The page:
Delusional Grandeur — 5 years ago
This film is quite unexpected. Darren Aronofsky has the ability to stir your reactions, in Pi and Requiem for a Dream he does so violently and without remorse. In The Fountain he does so all to subtly at times, weaving a story across time and awareness, about death, belief and love. It actually brought a couple of tears to my eye—almost unheard of. And this set with all the oil lamps and unending arches, oh man, I want to be there.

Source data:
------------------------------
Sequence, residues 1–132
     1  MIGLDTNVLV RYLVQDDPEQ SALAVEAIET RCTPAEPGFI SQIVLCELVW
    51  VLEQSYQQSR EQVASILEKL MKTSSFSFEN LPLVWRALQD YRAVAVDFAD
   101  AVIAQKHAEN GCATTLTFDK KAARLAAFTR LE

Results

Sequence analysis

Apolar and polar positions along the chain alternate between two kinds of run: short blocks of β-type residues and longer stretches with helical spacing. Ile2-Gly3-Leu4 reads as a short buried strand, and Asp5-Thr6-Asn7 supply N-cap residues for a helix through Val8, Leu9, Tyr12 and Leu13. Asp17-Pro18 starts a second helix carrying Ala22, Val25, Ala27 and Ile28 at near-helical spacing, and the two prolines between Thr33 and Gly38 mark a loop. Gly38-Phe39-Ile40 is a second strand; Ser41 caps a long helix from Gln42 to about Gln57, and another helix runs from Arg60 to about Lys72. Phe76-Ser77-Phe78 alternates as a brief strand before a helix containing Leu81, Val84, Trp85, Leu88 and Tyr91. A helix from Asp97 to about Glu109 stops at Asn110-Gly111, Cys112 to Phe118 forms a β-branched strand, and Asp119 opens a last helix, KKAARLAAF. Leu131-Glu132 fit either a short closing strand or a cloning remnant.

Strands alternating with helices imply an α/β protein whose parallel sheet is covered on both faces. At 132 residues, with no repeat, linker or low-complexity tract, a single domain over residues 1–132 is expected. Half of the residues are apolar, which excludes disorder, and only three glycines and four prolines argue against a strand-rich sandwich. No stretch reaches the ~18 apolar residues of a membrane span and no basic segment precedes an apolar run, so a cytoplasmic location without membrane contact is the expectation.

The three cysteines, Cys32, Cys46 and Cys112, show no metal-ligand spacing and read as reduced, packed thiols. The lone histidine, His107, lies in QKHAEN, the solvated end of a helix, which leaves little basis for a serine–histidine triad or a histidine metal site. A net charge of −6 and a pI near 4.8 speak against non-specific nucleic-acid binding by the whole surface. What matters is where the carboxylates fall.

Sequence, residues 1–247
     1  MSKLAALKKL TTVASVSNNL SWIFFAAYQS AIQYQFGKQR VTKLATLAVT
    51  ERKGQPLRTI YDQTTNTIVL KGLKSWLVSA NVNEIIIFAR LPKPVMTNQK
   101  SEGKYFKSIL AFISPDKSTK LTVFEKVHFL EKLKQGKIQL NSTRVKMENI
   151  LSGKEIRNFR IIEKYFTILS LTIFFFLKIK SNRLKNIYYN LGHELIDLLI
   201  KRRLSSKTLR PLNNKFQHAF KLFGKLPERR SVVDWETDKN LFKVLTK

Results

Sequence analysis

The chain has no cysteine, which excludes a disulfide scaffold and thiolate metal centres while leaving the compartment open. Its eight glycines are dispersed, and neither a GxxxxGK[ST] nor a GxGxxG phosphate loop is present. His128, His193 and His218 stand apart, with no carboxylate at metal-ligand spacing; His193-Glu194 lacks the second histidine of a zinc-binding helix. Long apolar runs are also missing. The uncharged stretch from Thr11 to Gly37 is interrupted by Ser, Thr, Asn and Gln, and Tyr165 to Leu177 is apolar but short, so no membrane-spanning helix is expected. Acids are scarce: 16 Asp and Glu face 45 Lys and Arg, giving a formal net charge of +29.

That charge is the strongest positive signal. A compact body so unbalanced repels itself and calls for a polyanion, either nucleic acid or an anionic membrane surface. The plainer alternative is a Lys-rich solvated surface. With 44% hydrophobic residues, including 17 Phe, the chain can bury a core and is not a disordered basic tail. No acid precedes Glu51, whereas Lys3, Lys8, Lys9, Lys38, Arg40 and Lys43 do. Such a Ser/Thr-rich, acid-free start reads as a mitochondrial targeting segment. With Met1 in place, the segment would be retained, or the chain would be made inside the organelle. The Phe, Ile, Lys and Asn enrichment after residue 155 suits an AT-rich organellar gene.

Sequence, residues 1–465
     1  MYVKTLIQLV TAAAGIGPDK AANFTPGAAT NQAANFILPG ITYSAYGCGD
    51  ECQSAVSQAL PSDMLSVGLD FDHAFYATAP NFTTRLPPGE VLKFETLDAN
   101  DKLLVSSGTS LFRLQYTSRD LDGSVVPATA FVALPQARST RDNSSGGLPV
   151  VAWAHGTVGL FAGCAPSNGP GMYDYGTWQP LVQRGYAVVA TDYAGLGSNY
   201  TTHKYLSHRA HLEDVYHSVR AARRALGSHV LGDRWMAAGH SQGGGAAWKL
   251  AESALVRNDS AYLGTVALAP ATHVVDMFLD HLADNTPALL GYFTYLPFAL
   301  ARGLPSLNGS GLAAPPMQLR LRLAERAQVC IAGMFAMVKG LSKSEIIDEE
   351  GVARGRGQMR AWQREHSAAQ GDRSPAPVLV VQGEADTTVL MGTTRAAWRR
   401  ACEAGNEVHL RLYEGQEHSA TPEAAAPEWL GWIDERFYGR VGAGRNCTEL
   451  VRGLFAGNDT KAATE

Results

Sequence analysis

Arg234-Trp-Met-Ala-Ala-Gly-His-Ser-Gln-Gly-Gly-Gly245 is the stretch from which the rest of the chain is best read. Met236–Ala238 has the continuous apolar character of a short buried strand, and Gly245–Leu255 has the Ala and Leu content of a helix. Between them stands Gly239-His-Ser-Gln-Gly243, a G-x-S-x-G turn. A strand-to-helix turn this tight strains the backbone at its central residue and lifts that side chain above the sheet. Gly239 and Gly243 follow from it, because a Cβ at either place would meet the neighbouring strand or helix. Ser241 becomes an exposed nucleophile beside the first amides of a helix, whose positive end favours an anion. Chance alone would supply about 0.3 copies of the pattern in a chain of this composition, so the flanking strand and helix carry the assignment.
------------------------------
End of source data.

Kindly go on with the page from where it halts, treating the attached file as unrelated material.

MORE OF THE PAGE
Some of scenes are unbearably new age with transcendental posturing, but are nonetheless beautiful and help one perhaps understand the mind of the main character—something Aronofsky brings to the fore. The distinct stories weave together but ultimately the plot is morbid, perhaps not unexpectedly.
Are there three stories—past present and future? I felt that “future” was really an escapist mental state, manifesting his desire and actions to do good for his wife.